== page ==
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Pregnancy is an exciting time for a woman, but don’t overlook your oral health, which can be affected by the hormonal changes you will experience during this time. For example, women are more likely to develop gingivitis during pregnancy, an infection of the gums that can cause swelling and tenderness. Your gums also may bleed a little when you brush or floss. Left untreated, gingivitis can affect the supporting tissues that hold your teeth in place. Your dentist may recommend more frequent cleanings to prevent this.
You should continue to see your dentist during pregnancy for oral examinations and professional teeth cleaning. Tell your dentist that you are pregnant and about any changes you have noticed in your oral health. Good daily care is key to your oral health. To help prevent tooth decay and gum disease, always brush your teeth twice a day and clean between your teeth once a day, eat a balanced diet and limit between-meal snacks.
Pregnancy affects your entire body and your mouth is no exception. There are several oral health complications that may arise during the course of your pregnancy, and it is important to be aware of them. The most common is pregnancy gingivitis. This condition causes your gums to become red and irritated. They may even begin to bleed. Experts believe that higher levels of hormones and changes in your immune system are at fault. A less common complication is a pregnancy granuloma, often referred to as a pregnancy tumor, although this description is completely inaccurate. Pregnancy granulomas are small red growths that develop on your gums, and in some cases, they may bleed as well. Poor oral hygiene is most likely responsible for this condition. Pregnancy gingivitis and pregnancy granulomas are often linked. Other complications to be aware of are tooth decay as a result of morning sickness and dry mouth.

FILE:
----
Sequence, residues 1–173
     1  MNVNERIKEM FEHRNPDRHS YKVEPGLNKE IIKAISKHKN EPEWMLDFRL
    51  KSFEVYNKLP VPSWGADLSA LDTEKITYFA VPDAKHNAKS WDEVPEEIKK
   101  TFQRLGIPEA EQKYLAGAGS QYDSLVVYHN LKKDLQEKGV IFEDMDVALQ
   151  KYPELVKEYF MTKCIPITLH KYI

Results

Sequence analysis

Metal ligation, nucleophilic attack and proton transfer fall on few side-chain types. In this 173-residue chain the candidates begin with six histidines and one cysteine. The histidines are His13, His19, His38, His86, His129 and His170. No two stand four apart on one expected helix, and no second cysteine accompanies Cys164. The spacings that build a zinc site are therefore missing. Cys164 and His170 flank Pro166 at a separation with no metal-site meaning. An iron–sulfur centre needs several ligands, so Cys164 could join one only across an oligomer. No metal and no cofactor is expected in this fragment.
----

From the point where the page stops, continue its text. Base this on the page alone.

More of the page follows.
During pregnancy, many women experience increased sensitivity and puffiness of the gums. Pregnancy causes an alteration in the estrogen and progesterone levels that, when coupled with plaque that is present in the mouth, and can cause an exaggerated form of gingivitis (inflammation of the gums). Professional dental cleanings twice during your pregnancy, as well as frequent daily brushing (3 times a day) and flossing will greatly reduce gum swelling and sensitivity.
Most dental treatment can be safely completed during pregnancy. Despite the extremely low radiation of dental x-rays, routine check-up x-rays are usually avoided during pregnancy if the expectant mother has received routine dental care, and is in good dental health. If the expectant mother is in pain, dental x-rays can be safely taken, but I advise using two lead aprons to shield the radiation. Dental anesthetics at regular doses, some types of antibiotics and pain medication are not harmful during pregnancy.
Important: This content reflects information from various individuals and organizations and may offer alternative or opposing points of view. It should not be used for medical advice, diagnosis or treatment. As always, you should consult with your healthcare provider about your specific health needs.